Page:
On May 31, 2012, I presented a webinar in the SLA Legal Division’s TNT Professional Development Series, “Opportunity Opens Doors for Information Pros in eDiscovery”. One of the comments made during the Q&A portion was that the activities surrounding eDiscovery were not traditional library roles.

That is very true, the premise of my presentation was that traditional activities are limited in opportunity and eDiscovery is an area that information professionals can move into with their capabilities in information organization and management skills.

After the presentation concluded and I began sifting through email I was alerted to a new article from the Organization of Legal Professionals that presented some of growing problems in the realm of eDiscovery. “Is eDiscovery Really the Problem or Is It the Foundation of Our Data Management Strategy, or Lack Thereof!” by Linda Sharp does a good job of diving into the evolving field of eDiscovery.

When information professionals are trying to add value to their organization’s a great way to help is with cost control measures in eDiscovery. The sheer volume of data both structured and unstructured makes it essential for companies to know where their data is and how to efficiently retrieve it.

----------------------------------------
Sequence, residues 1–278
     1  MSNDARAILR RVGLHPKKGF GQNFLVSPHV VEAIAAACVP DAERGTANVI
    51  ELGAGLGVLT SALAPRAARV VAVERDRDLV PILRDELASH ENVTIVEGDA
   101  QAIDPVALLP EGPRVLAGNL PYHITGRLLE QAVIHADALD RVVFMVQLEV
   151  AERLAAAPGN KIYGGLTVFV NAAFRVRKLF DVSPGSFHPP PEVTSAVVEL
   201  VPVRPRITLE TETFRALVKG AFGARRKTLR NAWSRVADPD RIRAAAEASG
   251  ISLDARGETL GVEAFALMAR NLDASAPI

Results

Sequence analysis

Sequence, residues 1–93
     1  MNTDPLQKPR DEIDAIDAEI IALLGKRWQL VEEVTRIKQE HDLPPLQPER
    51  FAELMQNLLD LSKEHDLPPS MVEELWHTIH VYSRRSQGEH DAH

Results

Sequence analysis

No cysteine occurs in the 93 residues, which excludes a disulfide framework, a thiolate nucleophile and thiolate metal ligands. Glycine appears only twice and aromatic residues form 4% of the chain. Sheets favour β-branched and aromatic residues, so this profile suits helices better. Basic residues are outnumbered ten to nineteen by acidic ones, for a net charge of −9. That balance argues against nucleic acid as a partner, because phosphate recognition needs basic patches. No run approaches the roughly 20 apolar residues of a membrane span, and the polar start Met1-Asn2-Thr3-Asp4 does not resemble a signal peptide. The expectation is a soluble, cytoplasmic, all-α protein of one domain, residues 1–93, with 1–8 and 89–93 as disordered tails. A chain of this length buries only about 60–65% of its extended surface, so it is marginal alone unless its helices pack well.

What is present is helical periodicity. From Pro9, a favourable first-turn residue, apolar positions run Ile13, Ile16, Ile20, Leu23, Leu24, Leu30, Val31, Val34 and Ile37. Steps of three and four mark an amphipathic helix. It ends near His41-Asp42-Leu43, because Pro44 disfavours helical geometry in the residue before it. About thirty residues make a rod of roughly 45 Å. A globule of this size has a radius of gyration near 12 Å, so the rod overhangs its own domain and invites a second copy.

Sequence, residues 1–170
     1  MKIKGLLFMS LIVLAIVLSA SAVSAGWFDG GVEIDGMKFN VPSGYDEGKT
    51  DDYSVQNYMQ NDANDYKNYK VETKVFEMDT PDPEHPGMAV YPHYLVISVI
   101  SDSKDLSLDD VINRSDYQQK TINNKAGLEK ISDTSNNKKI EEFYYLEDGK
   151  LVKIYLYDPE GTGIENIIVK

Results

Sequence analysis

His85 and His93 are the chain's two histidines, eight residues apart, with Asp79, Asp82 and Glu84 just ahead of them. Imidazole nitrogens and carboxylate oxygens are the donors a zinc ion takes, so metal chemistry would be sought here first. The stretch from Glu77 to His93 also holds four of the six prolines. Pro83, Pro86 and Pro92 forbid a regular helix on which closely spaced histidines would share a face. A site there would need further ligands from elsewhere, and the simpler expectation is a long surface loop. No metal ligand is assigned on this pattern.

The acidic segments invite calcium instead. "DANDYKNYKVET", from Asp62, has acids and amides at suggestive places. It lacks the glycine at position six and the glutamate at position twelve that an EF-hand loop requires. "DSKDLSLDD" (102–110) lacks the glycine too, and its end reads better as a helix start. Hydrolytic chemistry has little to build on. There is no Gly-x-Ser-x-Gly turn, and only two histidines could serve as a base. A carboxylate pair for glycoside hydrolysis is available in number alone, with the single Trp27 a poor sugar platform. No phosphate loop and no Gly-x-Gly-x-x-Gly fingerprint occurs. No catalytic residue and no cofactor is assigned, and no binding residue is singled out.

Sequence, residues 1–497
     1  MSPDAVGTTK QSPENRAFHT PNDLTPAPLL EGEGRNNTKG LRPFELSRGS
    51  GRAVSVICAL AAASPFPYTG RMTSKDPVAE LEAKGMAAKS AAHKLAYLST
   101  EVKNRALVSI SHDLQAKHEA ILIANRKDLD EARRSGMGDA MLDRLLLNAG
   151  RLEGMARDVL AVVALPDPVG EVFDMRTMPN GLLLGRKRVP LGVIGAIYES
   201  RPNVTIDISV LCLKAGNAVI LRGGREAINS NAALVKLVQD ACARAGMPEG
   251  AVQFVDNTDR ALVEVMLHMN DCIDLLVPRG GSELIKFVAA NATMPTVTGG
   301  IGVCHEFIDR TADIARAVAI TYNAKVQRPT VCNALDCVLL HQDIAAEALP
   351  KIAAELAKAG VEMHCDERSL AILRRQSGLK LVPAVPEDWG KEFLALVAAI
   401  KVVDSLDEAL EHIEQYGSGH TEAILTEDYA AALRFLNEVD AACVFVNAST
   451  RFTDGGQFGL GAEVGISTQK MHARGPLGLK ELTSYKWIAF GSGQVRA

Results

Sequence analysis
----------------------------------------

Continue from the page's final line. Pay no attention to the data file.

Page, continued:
The article does a good job of explaining why this is a problem and how it differs from the analog days. Throwing analog methods to electronically stored information through technology solutions, isn’t enough.

As the author suggests, an enterprise strategy is a possible solution:

What if compliance, records, IT and legal could actually collaborate on a holistic approach to resolve the issues surrounding enterprise data management? This strategy would provide the organization with a total information governance solution. It would reduce the costs of the IT infrastructure, eliminate information in keeping with records and legal policies, as well as provide a streamlined process for handling information.

An information professional who can manage the team, understand the records retention issues and set governance policies as well as assist in the efficient collection of data is an essential member of any collaborative solution that gets on the front end of eDiscovery cost containment effort.

Constance Ard, June 4, 2012